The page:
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Effectivity of ventilation by measuring expired CO2 and RIP during stabilisation of preterm infants at birth
  1. Jeroen J van Vonderen1,
  2. Gianluca Lista2,
  3. Francesco Cavigioli2,
  4. Stuart B Hooper3,
  5. Arjan B te Pas1
  1. 1Division of Neonatology, Department of Pediatrics, Leiden University Medical Center, Leiden, The Netherlands
  2. 2Department of Neonatology, V. Buzzi Children's Hospital ICP, Milan, Italy
  3. 3The Ritchie Center, Monash institute for Medical Research, Monash University, Melbourne, Victoria, Australia
  1. Correspondence to Jeroen J van Vonderen, Department of Pediatrics, Leiden University Medical Center, J6-S, P.O. Box 9600, Leiden 2300 RC, The Netherlands; jjvvonderen{at}gmail.com

Abstract

Objective To measure tidal volume, plethysmography changes and gas exchange during respiratory support at birth.

Design The following parameters were measured: (1) expired tidal volumes (Vte (mL/kg)) using respiratory function monitoring, (2) changes in plethysmography (AU/kg) per breath using respiratory inductance plethysmography (bands placed around rib cage (RC) and abdomen (AB)) and (3) expired CO2 (ECO2) levels using a volumetric CO2 monitor. For respiratory support, a T-piece resuscitator and facemask were used with peak inspiratory pressure (PIP) 25 cm H2O and positive end expiratory pressure 5 cm H2O. Data were analysed during the sustained inflation (SI), positive pressure ventilation (PPV) and breathing on continuous positive airway pressure (CPAP).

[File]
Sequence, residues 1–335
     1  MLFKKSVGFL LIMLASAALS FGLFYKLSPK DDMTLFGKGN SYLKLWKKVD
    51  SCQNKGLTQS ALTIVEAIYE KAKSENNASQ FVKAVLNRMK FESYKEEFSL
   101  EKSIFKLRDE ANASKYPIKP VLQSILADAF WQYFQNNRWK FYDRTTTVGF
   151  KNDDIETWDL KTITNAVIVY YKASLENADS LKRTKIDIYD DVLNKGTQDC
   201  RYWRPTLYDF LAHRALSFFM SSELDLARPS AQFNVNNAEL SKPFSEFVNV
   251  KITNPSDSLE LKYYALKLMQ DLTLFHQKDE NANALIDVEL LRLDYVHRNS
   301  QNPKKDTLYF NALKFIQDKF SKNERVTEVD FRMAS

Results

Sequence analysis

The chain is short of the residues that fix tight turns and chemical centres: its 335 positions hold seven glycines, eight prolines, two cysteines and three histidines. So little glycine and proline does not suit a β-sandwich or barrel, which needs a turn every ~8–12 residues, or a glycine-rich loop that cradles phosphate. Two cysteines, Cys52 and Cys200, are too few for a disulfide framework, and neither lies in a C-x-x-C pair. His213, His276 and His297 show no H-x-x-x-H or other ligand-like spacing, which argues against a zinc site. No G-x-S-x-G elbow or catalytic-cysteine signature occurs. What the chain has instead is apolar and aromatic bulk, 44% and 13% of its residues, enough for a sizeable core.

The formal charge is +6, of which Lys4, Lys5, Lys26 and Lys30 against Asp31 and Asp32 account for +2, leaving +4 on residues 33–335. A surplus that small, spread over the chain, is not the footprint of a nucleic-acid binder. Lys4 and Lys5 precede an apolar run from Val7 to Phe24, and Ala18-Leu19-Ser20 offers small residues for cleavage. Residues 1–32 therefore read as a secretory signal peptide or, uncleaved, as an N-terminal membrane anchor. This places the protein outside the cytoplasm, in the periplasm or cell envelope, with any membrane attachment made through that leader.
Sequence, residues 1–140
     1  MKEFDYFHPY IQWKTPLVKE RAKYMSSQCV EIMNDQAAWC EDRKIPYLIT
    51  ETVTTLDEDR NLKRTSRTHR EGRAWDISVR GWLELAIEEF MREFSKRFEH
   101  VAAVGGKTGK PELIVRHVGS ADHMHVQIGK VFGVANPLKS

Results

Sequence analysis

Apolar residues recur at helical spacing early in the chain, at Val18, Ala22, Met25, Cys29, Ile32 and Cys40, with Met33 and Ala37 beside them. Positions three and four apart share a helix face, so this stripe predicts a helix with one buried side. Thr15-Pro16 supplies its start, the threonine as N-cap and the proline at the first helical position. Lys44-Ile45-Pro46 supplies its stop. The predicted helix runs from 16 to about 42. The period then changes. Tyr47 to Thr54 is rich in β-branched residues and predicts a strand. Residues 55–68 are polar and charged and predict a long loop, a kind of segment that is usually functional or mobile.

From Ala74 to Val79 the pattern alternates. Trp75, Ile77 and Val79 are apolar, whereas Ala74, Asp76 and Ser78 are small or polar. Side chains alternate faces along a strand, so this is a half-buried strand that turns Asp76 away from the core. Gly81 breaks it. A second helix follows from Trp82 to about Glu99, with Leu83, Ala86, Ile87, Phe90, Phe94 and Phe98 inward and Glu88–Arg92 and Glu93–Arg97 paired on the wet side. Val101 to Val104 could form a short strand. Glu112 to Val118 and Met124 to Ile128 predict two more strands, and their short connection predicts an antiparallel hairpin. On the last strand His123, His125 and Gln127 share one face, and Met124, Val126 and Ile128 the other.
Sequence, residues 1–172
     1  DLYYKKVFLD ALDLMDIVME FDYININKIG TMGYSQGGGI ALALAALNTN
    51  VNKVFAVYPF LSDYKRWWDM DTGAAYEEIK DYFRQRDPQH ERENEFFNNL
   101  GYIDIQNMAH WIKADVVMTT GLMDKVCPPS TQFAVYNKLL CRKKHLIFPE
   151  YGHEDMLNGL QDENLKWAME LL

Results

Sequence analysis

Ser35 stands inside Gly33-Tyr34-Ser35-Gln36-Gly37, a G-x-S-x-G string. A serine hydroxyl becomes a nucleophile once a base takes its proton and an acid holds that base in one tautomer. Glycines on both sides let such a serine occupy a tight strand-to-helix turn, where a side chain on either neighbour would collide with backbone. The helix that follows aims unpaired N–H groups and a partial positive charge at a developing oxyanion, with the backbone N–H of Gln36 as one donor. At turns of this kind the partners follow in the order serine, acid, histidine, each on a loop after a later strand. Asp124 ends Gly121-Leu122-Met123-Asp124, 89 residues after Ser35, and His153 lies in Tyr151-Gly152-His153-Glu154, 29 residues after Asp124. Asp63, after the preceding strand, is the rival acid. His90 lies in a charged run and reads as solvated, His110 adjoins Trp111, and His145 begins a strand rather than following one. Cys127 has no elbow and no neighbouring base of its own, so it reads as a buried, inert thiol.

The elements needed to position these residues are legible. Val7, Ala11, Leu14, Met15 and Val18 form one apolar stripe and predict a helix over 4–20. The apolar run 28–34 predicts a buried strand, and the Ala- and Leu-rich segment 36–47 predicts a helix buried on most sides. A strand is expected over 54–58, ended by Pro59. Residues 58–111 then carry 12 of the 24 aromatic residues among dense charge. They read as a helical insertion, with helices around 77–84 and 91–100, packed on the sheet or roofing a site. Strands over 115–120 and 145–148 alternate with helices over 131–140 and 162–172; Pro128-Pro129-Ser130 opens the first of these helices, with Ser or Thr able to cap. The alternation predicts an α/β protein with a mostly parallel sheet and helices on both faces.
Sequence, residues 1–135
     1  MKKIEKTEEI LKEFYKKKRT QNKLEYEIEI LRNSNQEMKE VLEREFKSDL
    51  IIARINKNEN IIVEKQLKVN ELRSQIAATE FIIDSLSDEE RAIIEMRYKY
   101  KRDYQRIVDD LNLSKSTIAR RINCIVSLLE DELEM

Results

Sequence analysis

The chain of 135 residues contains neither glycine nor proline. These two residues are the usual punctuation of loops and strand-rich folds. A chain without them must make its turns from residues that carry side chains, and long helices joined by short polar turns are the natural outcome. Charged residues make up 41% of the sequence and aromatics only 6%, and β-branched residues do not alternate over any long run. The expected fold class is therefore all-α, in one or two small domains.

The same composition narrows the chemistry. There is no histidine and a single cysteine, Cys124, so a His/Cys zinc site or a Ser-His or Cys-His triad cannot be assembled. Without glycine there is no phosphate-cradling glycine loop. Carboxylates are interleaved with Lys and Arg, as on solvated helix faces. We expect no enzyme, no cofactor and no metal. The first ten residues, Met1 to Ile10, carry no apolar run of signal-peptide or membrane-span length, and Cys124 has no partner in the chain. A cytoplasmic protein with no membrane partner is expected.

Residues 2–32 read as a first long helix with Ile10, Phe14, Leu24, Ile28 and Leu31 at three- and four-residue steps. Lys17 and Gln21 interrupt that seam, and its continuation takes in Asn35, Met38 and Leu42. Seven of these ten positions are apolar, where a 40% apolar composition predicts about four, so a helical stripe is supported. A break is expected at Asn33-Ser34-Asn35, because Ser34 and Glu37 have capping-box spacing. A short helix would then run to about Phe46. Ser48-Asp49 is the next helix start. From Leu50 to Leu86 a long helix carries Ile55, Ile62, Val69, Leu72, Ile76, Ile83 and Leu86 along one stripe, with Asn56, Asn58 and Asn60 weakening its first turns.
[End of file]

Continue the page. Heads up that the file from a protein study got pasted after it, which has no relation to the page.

Setting The delivery rooms of the Leiden University Medical Center, Leiden, and V. Buzzi, Milan. Patients: 15 preterm infants with a gestational age 28 (27–31) weeks and a birth weight of 1080 (994–1300) g.

Results Vte for PPV inflations, PPV inflations with breathing and spontaneous breathing were significantly different (4.4 (2.5–8.6) vs 8.8 (5.7–11.4) vs 5.7 (3.3–9.8); p<0.0001)). Spontaneous breathing led to the highest ECO2 levels and during PPV, ECO2 levels were higher when the inflations coincided with breathing (32 (23–38) vs 20 (13–25) vs 2 (3–11) mm Hg; p<0.0001). Little change in plethysmography amplitude occurred during the SI, PPV and breathing at the RC. There was gain in plethysmography amplitude at the AB during the SI, PPV, but most with breathing.

Conclusions While Vte during breathing on CPAP was lower compared with PPV coinciding with breathing, breathing on CPAP was most effective in gas exchange and plethysmography amplitude gain compared with PPV and PPV coinciding with breathing.

  • CO2
  • neonatal transition
  • expiratory tidal volume
  • respiratory inductance plethysmography
  • breathing

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